Michael A. Sawyers
Cumberland Times-News The Cumberland Times-News Sun Sep 26, 2010, 08:00 AM EDT
— Well it sure didn’t take long for me to see a bear.
About 9 a.m. on the opening day of the Maryland deer bowhunting season I looked to my left and here toddling down a game trail came a bear. I wasn’t baiting.
The big ears on the bear quickly identified it as a youngun. At about 30 yards, the bear sniffed me and stood on his hind legs. He or she remained in that position for about 20 seconds or so huffing and a puffing and a sniffing the air. Probably a Smokey impersonator.
Apprently it didn’t like the aroma. The bruin took a 90-degree up the hill, showing me a side view and confirming that is was a youngster. I’m guessing 90 or 100 pounds.
That evening I got an emailed photo from a hunting friend and he too had seen a bear while sitting in a treestand about a mile or so from my location.
I think a couple things. I think there are a lot of bears out there. However, I also think that we may end up seeing and killing fewer of them during the October hunt because of the massive amounts of acorns in the woods.
That much food in the hinterlands will not necessitate much movement by bears in order to fill their stomachs. Less movement means fewer sightings. It may also mean that corn crops don’t get hit as hard.
If you are a hunter who has applied every year, but never received a bear hunting permit, you won’t be happy with my next statement.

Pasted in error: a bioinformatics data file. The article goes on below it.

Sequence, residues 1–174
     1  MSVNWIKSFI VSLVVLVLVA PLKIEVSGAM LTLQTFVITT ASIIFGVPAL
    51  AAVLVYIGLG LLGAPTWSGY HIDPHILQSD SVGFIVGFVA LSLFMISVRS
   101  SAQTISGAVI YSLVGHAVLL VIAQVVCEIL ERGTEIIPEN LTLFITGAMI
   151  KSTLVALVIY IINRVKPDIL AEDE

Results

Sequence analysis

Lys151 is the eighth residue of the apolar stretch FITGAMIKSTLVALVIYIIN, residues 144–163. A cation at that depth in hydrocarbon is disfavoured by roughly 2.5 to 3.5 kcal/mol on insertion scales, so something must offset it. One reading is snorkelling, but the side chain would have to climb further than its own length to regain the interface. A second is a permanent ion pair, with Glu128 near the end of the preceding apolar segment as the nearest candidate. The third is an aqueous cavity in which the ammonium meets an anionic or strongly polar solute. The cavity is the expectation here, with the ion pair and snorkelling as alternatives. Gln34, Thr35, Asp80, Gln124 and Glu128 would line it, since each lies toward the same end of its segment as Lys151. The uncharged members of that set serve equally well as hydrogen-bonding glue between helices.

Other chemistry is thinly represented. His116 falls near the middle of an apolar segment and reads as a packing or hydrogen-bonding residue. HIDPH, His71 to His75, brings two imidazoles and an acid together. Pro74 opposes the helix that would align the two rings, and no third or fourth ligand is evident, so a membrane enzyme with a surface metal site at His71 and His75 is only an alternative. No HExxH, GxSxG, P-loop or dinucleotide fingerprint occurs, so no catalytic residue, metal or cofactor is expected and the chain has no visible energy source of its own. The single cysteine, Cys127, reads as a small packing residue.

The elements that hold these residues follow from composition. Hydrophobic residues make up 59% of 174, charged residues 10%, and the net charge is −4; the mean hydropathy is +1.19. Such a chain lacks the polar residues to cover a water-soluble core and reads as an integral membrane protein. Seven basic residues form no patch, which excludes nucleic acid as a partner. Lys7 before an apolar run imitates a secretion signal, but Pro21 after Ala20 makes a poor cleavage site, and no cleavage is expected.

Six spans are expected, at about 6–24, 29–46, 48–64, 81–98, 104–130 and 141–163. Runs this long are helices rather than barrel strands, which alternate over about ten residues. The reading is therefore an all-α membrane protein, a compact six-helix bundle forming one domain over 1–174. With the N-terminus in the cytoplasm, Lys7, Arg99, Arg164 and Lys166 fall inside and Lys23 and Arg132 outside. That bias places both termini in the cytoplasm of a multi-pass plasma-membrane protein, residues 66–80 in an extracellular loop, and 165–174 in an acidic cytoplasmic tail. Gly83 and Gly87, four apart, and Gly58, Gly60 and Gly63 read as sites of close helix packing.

The bonus-point system used in the bear hunting lottery is working perfectly.
This year, there were hunters with as many as four chances to draw out and hunters with only one chance to get permit.
Numbers supplied by Harry Spiker of the Maryland Wildlife & Heritage Service show that 48 percent (125) of the 260 permits went to applicants with four chances; 20 percent (53) to those with three chances; 17 percent (44) to those with two chances; and 15 percent (38) to those with only one chance.
The agency offers hunters the opportunity to simply buy a bonus point, without applying for a hunting permit during the current year. I’m not sure how many did that this year, but in 2009 there were 149 who went that route.
Anyway, when I say the bonus-point system is working perfectly, I mean that the people with the most chances got the most permits and those with the fewest chances got the fewest permits. It was a perfect descending order.
That doesn’t give you much solace if you have never been on the receiving end of a permit. I know a half-dozen people or so who had four chances to draw but didn’t.
Spiker has said that sometime after a new bear population study takes place in 2011 that the agency may consider new options for bear hunting.
And now for the question that everybody has been asking me. How many of the permits went to residents of Allegany and Garrett counties?
And now for the answer.
Garrett County residents drew 26 percent of the permits (68); Allegany County, 14 percent (36); other Maryland residents, 60 percent (156); nonresidents, 7 percent (19).
Spiker said 10 percent of the hunting licenses sold are to nonresidents, so they are awarded no more than 10 percent of the bear permits.
Although 40 percent of the permits went to Garrett and Allegany county hunters, Spiker said that percentage was 60 during the first few years of the hunt.
Contact Outdoor Editor Mike Sawyers at email@example.com